Wisconsin-born ceramist finds inspiration on a big lake – Reuters
DULUTH — Ashley Hise tilts the clay between her hands as her green booted foot fuels the dull hum of the potter’s wheel. Her newly formed piece spins forward, reflected in a mirror adorned with flecks of dried clay.
“It’s to see where I’m going,” she explained.
With the support of a 2022 grant from the Minnesota State Arts Board, the ceramic artist – known for his work that mimics growth patterns in nature – creates with clay harvested near the big lake. “I love that it looks like it’s been washed over water, like something that’s disintegrating, worn and weathered,” she said.
The art on Hise’s website and Instagram account resemble aquatic movements frozen in time, often at the top of a wave, and finished with brilliant teal glazes. Some are austere angular structures with a sequence of outstretched flaky fins and hollowed centers. Striking, dramatic and begging to be looked at more closely.
“Working with clay is especially paramount,” Hise said. “It’s such an old art form. Digging up clay and setting it on fire. It’s a very grounded medium.
Hise grew up in Stevens Point, Wisconsin and studied ceramics in North Carolina. She took a course at the Duluth Art Institute when she moved to Northland in 2013.
After more than a year on the waiting list, she landed a spot in the cooperative art space in DAI’s Lincoln Park building, which has a long history for her.
When Hise was 11, she and her grandfather, Joe Leek, took her first adult art class in the building that now houses her studio. Years later, his grandfather retired and returned to school in his 80s to earn his Bachelor of Fine Arts degree from the University of Minnesota Duluth.
Hise’s studiomate, Holly Jorde, was Leek’s art teacher at UMD.
“It was all freshmen in class with him — fun to have this juxtaposition of this seasoned doctor coming back for another career,” Jorde said. “He was a small man with a huge personality commanding the room.”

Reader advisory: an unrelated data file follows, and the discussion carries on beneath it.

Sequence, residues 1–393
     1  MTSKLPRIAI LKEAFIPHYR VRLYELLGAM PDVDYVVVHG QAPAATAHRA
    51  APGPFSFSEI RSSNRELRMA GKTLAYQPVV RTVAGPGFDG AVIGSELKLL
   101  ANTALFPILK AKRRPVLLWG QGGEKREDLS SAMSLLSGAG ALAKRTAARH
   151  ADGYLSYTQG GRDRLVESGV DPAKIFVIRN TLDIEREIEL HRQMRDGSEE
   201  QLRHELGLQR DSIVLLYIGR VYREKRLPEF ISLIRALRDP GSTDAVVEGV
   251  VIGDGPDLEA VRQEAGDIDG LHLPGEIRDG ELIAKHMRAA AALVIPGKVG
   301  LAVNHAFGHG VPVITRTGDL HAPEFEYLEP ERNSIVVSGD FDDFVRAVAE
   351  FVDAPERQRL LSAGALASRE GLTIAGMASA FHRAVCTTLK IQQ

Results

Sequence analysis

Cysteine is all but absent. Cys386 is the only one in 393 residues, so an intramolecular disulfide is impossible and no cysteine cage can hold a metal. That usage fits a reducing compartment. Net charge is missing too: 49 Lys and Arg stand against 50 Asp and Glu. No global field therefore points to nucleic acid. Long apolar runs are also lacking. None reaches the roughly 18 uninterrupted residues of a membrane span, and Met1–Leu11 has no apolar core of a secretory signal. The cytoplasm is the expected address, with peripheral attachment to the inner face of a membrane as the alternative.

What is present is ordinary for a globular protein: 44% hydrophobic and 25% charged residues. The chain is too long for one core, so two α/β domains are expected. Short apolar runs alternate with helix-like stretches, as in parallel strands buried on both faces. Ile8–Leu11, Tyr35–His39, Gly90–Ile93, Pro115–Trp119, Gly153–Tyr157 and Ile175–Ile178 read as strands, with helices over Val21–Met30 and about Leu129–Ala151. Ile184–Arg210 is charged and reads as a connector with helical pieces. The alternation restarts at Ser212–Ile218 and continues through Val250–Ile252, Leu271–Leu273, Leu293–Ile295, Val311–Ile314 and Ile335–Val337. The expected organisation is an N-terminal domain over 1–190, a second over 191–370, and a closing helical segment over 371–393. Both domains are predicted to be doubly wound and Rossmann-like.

Leek died in 2017 and spent many good years painting the poppies in his garden and the koi fish pond, Hise said. “These are the ones the family is fighting for.”
The light streamed from the window wall of the DAI building at the beginning of May. The door was ajar, a testament to the warmer temperatures. Artists and students were busy in their workspaces or filtering for classes. It is an inspiring and united common space, useful for brainstorming, meeting other artists and leading workshops.
There can be many problems in ceramics, Hise said, and in the studio there is always someone to help.
Alongside the large workspace, the ceramists share the kiln firings. It’s hard to produce enough work to fill it otherwise, Hise explained.
Hise’s process begins with ideas inspired by a growth pattern, shell, or fossil, from studying fox and deer bones found along the lake. This led to meditating on the evolutionary nature of physical existence, the meaning of transfiguration, growth and decay, she said.
Hise sketches his ideas like a loose guide, then adds curves and edges on the potter’s wheel. Then she sculpts the clay until it crumbles. “Every choice leads to another place to resolve or connect,” she said, cutting small pieces of clay from a developing room.
It fires a piece at high temperatures, causing pieces to twist and warp – and glazes to crystallize and blend. These mix and melt, often freezing the liquid mid-drop.
For his latest collection, Hise uses clay he bucketed from the mouth of the Iron River along Wisconsin’s South Shore. It is often dry and crumbled, perfect for catching large chunks which she can then break up and filter through the mesh of the window.
Hise placed a small finished pot on the table revealing a deep, shiny russet with basalt stones strewn about and the coils of a seashell carved into the side.
Lake Superior clay doesn’t need a glaze, which makes the process easier, she said, and its finish adds a nice texture.
To create enough pieces to enamel and fire, Hise works on a monthly cycle. This leads to a slow learning curve and you can’t apply the lessons until the next shot, which can take months.
Much ceramic work relinquishes control, Hise said, and what happens in the kiln can be “incidental or heartbreaking.”
There’s that moment when the oven shelves collapsed, causing him to lose his job. “The last batch, I was blown away by what can happen that really has nothing to do with me,” she said.
Her work is available at the American Indian Community Housing Organization’s Indigenous First Art & Gift Shop and will be available at the Park Point Art Fair starting June 25, as well as on ashleyhise.com.